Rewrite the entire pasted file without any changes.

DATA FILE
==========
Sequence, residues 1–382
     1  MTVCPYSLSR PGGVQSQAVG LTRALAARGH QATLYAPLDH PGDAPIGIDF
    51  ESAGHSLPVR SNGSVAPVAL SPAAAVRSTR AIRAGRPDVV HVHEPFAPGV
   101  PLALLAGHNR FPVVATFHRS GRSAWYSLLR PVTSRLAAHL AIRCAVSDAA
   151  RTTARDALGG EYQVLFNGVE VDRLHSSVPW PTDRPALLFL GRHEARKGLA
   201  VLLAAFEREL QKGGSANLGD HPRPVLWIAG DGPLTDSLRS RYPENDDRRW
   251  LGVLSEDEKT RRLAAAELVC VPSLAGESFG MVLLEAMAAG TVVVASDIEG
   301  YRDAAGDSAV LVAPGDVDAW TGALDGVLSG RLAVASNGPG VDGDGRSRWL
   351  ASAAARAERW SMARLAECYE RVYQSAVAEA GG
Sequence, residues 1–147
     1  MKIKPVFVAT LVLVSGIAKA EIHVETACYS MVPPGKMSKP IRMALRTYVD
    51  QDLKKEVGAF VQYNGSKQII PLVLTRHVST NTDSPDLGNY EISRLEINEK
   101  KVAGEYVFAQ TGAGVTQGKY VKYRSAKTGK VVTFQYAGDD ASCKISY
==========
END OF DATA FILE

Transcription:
Sequence, residues 1–382
     1  MTVCPYSLSR PGGVQSQAVG LTRALAARGH QATLYAPLDH PGDAPIGIDF
    51  ESAGHSLPVR SNGSVAPVAL SPAAAVRSTR AIRAGRPDVV HVHEPFAPGV
   101  PLALLAGHNR FPVVATFHRS GRSAWYSLLR PVTSRLAAHL AIRCAVSDAA
   151  RTTARDALGG EYQVLFNGVE VDRLHSSVPW PTDRPALLFL GRHEARKGLA
   201  VLLAAFEREL QKGGSANLGD HPRPVLWIAG DGPLTDSLRS RYPENDDRRW
   251  LGVLSEDEKT RRLAAAELVC VPSLAGESFG MVLLEAMAAG TVVVASDIEG
   301  YRDAAGDSAV LVAPGDVDAW TGALDGVLSG RLAVASNGPG VDGDGRSRWL
   351  ASAAARAERW SMARLAECYE RVYQSAVAEA GG
Sequence, residues 1–147
     1  MKIKPVFVAT LVLVSGIAKA EIHVETACYS MVPPGKMSKP IRMALRTYVD
    51  QDLKKEVGAF VQYNGSKQII PLVLTRHVST NTDSPDLGNY EISRLEINEK
   101  KVAGEYVFAQ TGAGVTQGKY VKYRSAKTGK VVTFQYAGDD ASCKISY